Could this be another example of that old technique of investing legitimacy to a contemporary lie by applying similar spin to historical events which are much harder to verify?

  5. jennifer October 3, 2009 at 9:49 am #

    Thanks Motty, for the note of caution.

  6. Ian Thomson October 3, 2009 at 10:40 am #

    The day before that last dust storm, as I was about go to the left of the Lachlan River next day on dirt roads, I was checking on the progress ( BOM radar) of the severe storms coming through SA . As I often do ,I checked the Woomera radar to see what might be incoming from that direction.
    All day one could clearly see dust rising around Woomera on the radar.
    I wonder what sort of crops those Woomera cockies grow .
    Must be that yuppy vege called rocket.

  7. Ian Thomson October 3, 2009 at 11:04 am #

    Tim Flannery himself described gum trees as colonisers. They colonise by fire and by dehydrating the lanscape.
    Has anyone else noticed that of late NSW fires seem to batter little explored places ,such as Wollamai NP and the Grose Valley ?
    What I am getting at is that if current management practices in such areas were past ones ,the Wollamai Pine would have been incinerated before anyone knew of its existence.

    The man who dicovered the tree questioned what else may exist 150kms from Sydney that we do not know of.
    I ask what may be being destroyed in these fires that we do not know of?

    – for overseas blog readers, the Wllomai Pine is a primitive, dinosaur age tree ,discovered accidentally by an abseiling park worker, on a day off.

  8. Green Davey October 3, 2009 at 12:35 pm #

    I think Prof Tim Flannery may have got his ideas on eucalypts from Prof Steve Pyne, of Arizona State University. Steve’s books are essential reading for anyone interested in bushfire, in America, or Australia, or even Europe. Eucalypts are beautiful fire weeds. They create the litter for self-promoting fires. Anyone who does not know that is not an ecologist’s bootlace.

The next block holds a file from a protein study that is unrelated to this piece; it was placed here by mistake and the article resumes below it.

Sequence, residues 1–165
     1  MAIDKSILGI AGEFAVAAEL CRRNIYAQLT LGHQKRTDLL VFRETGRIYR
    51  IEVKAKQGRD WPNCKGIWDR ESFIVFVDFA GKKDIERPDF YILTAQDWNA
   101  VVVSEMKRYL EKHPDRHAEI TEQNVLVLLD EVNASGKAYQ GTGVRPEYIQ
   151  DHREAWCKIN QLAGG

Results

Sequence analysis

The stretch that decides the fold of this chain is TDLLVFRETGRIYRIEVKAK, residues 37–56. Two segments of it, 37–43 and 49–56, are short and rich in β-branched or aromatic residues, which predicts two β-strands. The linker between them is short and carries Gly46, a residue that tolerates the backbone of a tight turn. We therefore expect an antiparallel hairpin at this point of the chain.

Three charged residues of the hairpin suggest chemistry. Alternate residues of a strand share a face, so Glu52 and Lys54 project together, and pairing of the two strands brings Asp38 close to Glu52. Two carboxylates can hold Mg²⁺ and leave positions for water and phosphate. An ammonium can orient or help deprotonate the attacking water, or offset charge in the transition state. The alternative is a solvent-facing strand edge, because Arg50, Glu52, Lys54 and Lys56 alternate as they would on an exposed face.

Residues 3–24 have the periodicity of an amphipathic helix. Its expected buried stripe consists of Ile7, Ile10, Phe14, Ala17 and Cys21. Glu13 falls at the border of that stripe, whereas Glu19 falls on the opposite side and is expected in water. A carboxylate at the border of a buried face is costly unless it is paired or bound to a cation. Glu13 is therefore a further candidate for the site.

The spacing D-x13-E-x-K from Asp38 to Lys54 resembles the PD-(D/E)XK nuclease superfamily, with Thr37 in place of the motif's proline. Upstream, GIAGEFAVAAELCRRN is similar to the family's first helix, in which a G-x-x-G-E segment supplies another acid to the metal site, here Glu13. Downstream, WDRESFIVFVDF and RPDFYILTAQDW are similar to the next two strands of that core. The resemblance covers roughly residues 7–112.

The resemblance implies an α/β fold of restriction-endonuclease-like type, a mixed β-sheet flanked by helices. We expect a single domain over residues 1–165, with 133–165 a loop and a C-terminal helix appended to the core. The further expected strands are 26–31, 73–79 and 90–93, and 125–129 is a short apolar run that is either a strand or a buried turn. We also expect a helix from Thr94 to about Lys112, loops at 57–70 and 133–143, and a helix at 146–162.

And Stewie is quite right. I know of a case where some academics decided, on the basis of a ‘model’, that a certain area of WA should not be burnt more often than every 12-15 years, to ‘protect biodiversity’. Local families, some there since the 1850s and 1880s, said it was burnt every 3-5 years, mainly by roo-shooters, up to the 1950s. Another academic told me this was ‘mythology’ and ‘lay opinion’. In 2004 the whole area burnt in a single, uncontrollable fire. Photographs can be seen at http:/eneabba.net/Eneabba/Eneabba-fire3.htm.

    I think local families might regard that academic as a ‘mythologist’ and ‘lay person’, but of course he has published copiously in refereed journals, so he must be an expert. His opinions on fire management were once sought, and presumably implemented, by the Victorian government. That was before the Victorian fires of 2009.

  9. Green Davey October 3, 2009 at 12:44 pm #

    Sorry, try http://eneabba.net/Eneabba/Eneabba-fire3.htm

  10. ian George October 3, 2009 at 1:33 pm #